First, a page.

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Letter 1 - Ripponlea

Ripponlea Estate

Ripponlea is a heritage-listed historic mansion located in the Melbourne suburb of Elsternwick, Victoria and is a prime example of the elaborate Victorian architecture of the time.  The mansion is set on 7 acres of lush gardens and features 33 rooms, including a ballroom, drawing room, and library. The interior of the mansion is adorned with ornate plasterwork, stained glass windows, and intricate wood carvings.

Ripponlea, named for Sargood's mother's maiden name of Rippon, was built in 1868 for Sir Frederick Sargood and his wife Marion and remained in their family until 1910. It underwent many structural changes, including redesign work, additional rooms and a the construction of a tower. It was one of the first houses in Australia to be lit by electricity.

During the 1920 the property belonged to Benjamin Nathan, then his daughter Louisa from 1935.  During these years, prominent Australian architect Harold Desbrowe-Annear was commissioned to redesign the mansion. The renovation included the addition of a large wing, as well as a new ballroom and a state-of-the-art kitchen. The interior of the mansion was updated to reflect the fashionable Art Deco style, with bold geometric patterns and streamlined furnishings. The gardens were redesigned to incorporate a sunken garden and a tennis court.

Ripponlea became a popular location for high society events during the 1920s, hosting lavish parties and entertaining prominent guests.

Today, Ripponlea is open to the public and serves as a popular venue for weddings, events, and guided tours, offering visitors a glimpse into the opulent lifestyle of the Victorian elite.


Hist ...... Hark

C.J. Dennis was an Australian poet famous for his humorous and light-hearted verses about Australian life. One of his most famous poems is "Hist! . . . . . . Hark!", which tells the story of two friends wandering through a dark and eerie possum park at night.

The poem is filled with a sense of adventure and excitement as the two friends encounter various animals and noises in the darkness. 

Hist! . . . . . . Hark!
The night is very dark,
And we've to go a mile or so
Across the Possum Park.

Step . . . . . . light,
Keeping to the right;
If we delay, and lose our way,
We'll be out half the night.
The clouds are low and gloomy. Oh!
It's just begun to mist!
We haven't any overcoats
And - Hist! . . . . . . Hist!

(Mo . . . . . . poke!)
Who was that that spoke?
This is not a fitting spot
To make a silly joke.

Dear . . . . . . me!
A mopoke in a tree!
It jarred me so, I didn't know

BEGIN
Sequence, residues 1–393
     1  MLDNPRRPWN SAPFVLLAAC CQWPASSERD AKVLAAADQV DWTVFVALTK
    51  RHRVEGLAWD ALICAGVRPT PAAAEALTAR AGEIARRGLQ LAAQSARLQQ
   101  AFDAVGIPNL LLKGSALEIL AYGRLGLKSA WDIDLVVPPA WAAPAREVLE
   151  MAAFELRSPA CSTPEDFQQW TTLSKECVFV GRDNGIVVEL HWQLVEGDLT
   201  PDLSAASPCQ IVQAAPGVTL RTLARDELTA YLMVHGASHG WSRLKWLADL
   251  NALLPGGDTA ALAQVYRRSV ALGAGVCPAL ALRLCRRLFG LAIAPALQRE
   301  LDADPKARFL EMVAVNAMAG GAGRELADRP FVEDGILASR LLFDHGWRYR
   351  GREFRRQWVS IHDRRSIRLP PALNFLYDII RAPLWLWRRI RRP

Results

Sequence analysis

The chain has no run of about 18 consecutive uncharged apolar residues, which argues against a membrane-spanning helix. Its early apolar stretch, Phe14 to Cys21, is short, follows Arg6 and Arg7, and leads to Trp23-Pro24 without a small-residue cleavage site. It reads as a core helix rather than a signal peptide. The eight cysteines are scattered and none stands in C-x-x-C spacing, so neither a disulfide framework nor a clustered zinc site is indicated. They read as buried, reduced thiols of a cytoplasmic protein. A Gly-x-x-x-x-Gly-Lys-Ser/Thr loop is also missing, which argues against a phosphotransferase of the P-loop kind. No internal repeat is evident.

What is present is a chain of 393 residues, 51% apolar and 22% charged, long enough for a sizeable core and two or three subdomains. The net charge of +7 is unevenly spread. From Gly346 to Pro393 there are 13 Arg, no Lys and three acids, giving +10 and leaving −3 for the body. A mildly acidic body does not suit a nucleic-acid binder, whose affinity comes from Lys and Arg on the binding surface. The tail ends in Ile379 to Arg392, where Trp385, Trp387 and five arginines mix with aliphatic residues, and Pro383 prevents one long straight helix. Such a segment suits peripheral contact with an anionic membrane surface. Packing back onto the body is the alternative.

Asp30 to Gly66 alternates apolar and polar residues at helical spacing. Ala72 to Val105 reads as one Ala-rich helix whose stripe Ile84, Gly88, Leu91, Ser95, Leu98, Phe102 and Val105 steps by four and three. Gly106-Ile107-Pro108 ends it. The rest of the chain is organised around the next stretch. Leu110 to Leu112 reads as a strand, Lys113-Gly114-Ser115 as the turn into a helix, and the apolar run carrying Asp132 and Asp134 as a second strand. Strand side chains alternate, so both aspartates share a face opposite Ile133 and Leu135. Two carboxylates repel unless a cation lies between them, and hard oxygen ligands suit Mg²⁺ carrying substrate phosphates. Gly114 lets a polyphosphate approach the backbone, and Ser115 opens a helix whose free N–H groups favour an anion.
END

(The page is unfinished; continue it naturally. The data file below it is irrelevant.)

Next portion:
Whatever it could be.
But come along; creep along;
Soon we shall be missed.
They'll get a scare and wonder where
We - Hush! . . . . . . Hist!

Ssh! . . . . . . Soft!
I've told you oft and oft
We should not stray so far away
Without a moon aloft.

Oo! . . . . . . Scat!
Goodness! What was that?
Upon my word, it's quite absurd,
It's only just a cat.
But come along; haste along;
Soon we'll have to rush,
Or we'll be late and find the gate
Is - Hist! . . . . . . Hush!

(Kok!. . . . . . Korrock!)
Oh! I've had a shock!
I hope and trust it's only just
A frog behind a rock.

Shoo! . . . . . . Shoo!
We've had enough of you;
Scaring folk just for a joke
Is not the thing to do.
But come along, slip along -
Isn't it a lark
Just to roam so far from home
On - Hist! . . . . . . Hark!

Look! . . . . . . See!
Shining through the tree,
The window-light is glowing bright
To welcome you and me.

Shout! . . . . . . Shout!
There's someone round about,
And through the door I see some more
And supper all laid out.
Now, Run! Run! Run!
Oh, we've had such splendid fun -
Through the park in the dark,
As brave as anyone.

Laughed, we did, and chaffed, we did,
And whistled all the way,
And we're home again! Home again!
Hip . . . . . . Hooray!


 Shaw Neilson

John Shaw Neilson was an Australian poet who gained recognition for his lyrical poetry that celebrated the natural world. His poetry often reflects his love for the Australian landscape and his deep appreciation for the beauty of the flora and fauna found in it.

Two of his most well-known poems, "To a blue flower" and "The white flowers came", exemplify his poetic style.

"To a blue flower" is a poem that focuses on the beauty and fragility of a small blue flower that the poet encounters on his walk. The poem is imbued with a sense of wonder and reverence for the natural world.

In "The white flowers came", Neilson describes the arrival of white flowers that signal the arrival of spring. The poem captures the joy and hopefulness that comes with the arrival of new life after a long winter.

Neilson's poetry is characterized by a simplicity and sincerity that gives voice to the beauty of the natural world and speaks to the heart of all who appreciate it.

 


 Sources for images and further reading